CHICAGO — Father's Day won't be the same this year for Nathaniel Pendleton, but he plans to make the best out of it anyway.
The 42-year-old chef, who owns Traditions Catering, said he has been cooking since he was 7 years old. It relaxes him and helps him deal with the lost of his daughter Hadiya Pendleton, he said.
"I am going to try and not think about it too much because if I do I know I will start feeling the pain and hurt of her death all over again," Pendleton said. "Normally on Father's Day I would get up and go play golf and then go home to spend the rest of the day with my family. We'd sit around and tell jokes and just hang out."
The husband and father of a 10-year-old son is also the national spokesman this year for the 24th Annual Real Men Cook event, which runs from 3-6 p.m. Sunday at the Ray and Joan Kroc Corps Community Center, 1250 W. 119th St., in West Pullman. Tickets are $25 for adults and $10 for children 12 and under, and parking is free.
Pendleton was asked to be the spokesman for Real Men Cook by its president while attending an event earlier this year at the Rainbow/PUSH Coalition. He said he hopes he can help inspire men affected by violence.
"There are a lot of women's organizations and a new one seems to start up whenever a tragedy occurs," Pendleton said. "But for some reason men are not as active as women when it comes to standing up for causes and I would like to see that change."
Her February 9 funeral was televised and attended by hundreds of people including first lady Michelle Obama. Hadiya was killed less than two miles from the Obamas' home in Kenwood, where Hadiya attended King College Preparatory High School.
"I never could get [Hadiya] to eat tomatoes. I tried dicing and slicing them up in her food and she would spit it out," he said. "She loved eating crab legs, cheeseburgers and drinking smoothies."
The Hales Franciscan College Prep alumnus said after completing his culinary studies in 2007 at Le Cordon Bleu he worked for a few small restaurants and then decided in 2010 to start his own catering business.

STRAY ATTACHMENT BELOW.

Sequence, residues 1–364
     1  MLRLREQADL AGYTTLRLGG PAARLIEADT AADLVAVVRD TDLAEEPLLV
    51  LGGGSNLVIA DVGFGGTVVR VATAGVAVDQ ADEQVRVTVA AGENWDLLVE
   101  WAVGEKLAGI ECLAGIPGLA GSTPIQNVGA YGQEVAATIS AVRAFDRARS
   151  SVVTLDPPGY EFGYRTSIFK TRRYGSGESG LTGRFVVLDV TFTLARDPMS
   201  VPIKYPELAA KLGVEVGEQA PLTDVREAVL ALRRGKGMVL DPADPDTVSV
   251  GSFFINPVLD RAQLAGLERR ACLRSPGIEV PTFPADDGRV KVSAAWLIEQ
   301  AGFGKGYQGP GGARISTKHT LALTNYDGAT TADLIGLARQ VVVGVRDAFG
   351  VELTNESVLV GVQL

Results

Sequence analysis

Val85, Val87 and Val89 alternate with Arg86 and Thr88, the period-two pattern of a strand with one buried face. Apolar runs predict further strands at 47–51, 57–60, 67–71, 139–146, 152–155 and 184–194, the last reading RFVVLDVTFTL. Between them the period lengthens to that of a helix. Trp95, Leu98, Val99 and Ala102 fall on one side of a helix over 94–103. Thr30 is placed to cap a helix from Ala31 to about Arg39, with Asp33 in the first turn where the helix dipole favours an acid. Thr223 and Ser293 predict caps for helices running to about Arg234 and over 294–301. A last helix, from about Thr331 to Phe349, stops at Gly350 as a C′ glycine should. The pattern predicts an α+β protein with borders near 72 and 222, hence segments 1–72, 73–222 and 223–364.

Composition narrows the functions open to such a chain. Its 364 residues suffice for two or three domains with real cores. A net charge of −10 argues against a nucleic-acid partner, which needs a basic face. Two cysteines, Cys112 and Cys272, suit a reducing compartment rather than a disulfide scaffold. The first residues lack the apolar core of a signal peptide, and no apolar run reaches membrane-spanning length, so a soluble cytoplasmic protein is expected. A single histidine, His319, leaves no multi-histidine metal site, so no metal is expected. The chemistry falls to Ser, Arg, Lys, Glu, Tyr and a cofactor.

"I had learned every thing I needed to go into business for myself and it was one of the best decisions I made," said the Bronzeville resident who grew up in South Shore. "I can cook anything but I enjoy eating spicy foods like Caribbean meals. Look for me to be cooking ribs, chicken breasts and a little of every thing this Sunday."
But the Real Men Cook event on Father's Day is not just happening in Chicago. It will be held simultaneously in 13 other cities, including Atlanta, Boston, Benton Harbor, Mich., and New Orleans.
Gathering a large group of men in one place for a common cause is a good reason to celebrate, said Rael Jackson, president of Real Men Cook Inc.
"When men cook, families and friends come together and conversations begin. It's time for the next generation to come to the table, because the only way we can slow the violence in our city is when families begin to talk with our kids," Jackson said.
It was two decades ago when then-husband and wife team, Kofi and Yvette Moyo, invited neighborhood families to gather at their Chicago home for a potluck.
As a result of that gathering, Yvette said the Real Men Cook event was born and has grown to capture national attention for its effort to inspire, uplift and promote positive fathers as role models for their families and communities.
The Sunday event also puts a spotlight on what Pendleton said is a historical misconception about black men.
"Society for so long has said black men are not responsible fathers," he said. "This event is an opportunity to show that is not true and that there are countless black men who happen to be good fathers, good husbands and good cooks, too."